So, this is an interesting study looking at the effect of ruxolitinib therapy on iron markers and iron deficiencies, and if you focus on the MCV [corpuscular volume], these are broken down into 4 lines and it looks at patients who started with normal and abnormal iron levels, whether or not they were on ruxolitinib or best available therapy. But you can see in the patients that had low MCVs and low iron saturations, suggestive of significant iron deficiency, those numbers improved over time while on the ruxolitinib therapy to a degree not seen in the best available therapy arm.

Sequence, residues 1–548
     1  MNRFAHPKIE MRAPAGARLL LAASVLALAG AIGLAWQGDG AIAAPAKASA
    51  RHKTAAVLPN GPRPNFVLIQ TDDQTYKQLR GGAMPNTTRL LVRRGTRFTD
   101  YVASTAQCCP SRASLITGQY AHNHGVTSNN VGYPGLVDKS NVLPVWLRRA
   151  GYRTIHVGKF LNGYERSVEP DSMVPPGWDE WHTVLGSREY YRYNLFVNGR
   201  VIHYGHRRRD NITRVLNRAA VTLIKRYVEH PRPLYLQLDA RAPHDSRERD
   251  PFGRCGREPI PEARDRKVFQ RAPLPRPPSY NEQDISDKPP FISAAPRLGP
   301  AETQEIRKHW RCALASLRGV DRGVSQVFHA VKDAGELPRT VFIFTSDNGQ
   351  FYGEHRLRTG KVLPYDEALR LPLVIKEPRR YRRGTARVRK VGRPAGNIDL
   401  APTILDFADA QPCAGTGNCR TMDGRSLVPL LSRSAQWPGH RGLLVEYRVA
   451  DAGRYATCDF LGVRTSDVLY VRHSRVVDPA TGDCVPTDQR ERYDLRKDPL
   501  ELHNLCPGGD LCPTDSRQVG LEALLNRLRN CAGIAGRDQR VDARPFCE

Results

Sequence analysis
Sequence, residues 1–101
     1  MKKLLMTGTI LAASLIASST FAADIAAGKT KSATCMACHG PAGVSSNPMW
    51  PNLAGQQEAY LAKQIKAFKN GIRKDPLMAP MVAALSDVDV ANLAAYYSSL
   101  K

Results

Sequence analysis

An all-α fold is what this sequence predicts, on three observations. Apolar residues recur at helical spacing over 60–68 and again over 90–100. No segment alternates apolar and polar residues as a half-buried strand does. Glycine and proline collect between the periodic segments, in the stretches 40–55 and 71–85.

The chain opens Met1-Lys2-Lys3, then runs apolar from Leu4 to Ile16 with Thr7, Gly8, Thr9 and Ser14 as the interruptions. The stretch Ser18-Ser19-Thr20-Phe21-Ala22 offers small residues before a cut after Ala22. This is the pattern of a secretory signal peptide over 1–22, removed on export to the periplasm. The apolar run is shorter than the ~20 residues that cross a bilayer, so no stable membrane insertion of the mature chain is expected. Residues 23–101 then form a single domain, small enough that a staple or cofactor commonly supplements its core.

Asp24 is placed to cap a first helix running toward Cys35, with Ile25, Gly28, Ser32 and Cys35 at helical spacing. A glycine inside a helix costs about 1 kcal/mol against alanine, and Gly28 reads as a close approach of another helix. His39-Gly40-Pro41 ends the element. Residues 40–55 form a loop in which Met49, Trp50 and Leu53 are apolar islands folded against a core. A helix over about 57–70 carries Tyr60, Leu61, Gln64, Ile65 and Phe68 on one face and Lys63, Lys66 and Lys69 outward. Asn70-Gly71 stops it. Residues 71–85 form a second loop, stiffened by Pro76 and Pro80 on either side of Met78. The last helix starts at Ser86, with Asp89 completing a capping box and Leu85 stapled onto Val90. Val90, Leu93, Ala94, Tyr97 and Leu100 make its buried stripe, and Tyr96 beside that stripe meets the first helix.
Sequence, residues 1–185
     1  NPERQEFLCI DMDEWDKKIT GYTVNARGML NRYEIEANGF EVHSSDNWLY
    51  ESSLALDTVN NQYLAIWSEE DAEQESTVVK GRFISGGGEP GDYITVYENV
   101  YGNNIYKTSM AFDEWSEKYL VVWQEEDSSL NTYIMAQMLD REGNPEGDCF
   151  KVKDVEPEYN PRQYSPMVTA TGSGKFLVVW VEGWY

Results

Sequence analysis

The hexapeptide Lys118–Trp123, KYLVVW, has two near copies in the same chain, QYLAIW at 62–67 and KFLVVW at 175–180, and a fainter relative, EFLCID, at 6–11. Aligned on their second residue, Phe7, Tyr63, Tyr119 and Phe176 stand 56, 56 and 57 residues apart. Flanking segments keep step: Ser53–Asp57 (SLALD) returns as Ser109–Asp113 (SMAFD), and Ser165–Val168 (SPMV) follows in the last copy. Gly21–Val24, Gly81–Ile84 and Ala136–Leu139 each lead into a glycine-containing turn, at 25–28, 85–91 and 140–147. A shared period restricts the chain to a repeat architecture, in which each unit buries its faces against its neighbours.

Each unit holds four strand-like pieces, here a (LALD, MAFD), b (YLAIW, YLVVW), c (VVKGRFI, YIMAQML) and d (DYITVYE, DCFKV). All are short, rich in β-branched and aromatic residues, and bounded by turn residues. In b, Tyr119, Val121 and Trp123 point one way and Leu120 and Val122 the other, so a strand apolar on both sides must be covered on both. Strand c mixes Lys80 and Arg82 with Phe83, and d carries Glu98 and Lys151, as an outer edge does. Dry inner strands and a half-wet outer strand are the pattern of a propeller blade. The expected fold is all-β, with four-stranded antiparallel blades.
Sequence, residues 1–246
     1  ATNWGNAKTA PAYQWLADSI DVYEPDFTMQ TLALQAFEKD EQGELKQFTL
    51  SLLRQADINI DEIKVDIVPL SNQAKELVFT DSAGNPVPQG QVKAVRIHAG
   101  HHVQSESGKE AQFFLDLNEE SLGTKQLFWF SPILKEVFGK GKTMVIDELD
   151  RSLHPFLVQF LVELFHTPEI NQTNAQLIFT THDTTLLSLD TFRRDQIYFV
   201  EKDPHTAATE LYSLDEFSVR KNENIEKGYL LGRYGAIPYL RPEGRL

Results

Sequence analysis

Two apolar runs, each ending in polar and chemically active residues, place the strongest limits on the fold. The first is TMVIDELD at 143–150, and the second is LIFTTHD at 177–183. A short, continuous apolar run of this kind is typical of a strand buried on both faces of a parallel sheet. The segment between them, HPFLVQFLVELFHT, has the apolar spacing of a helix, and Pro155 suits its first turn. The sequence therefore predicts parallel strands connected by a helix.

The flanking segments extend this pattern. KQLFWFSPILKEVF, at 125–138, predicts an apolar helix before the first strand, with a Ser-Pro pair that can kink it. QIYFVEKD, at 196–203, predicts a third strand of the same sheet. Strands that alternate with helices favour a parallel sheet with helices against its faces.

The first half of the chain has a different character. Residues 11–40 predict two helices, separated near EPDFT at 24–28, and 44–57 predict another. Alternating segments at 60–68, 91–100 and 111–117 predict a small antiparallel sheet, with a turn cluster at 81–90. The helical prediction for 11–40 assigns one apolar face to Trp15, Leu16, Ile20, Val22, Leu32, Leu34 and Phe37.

Then looking at the exposure-adjusted rates of common adverse effects with ruxolitinib, you can see in the polycythemia vera setting, the rates of anemia and thrombocytopenia are quite low. While there are many different adverse effects listed here, the rates of grade 3/4 adverse effects are quite low, but we need to mention that there is an increased risk of herpes zoster reactivation or shingles reactivation that’s seen with ruxolitinib at a higher rate than what was seen with the best available therapy. That’s certainly something that we counsel patients on and talk to them about—especially the need for the new shingles vaccine and keeping an eye out for this potentiality.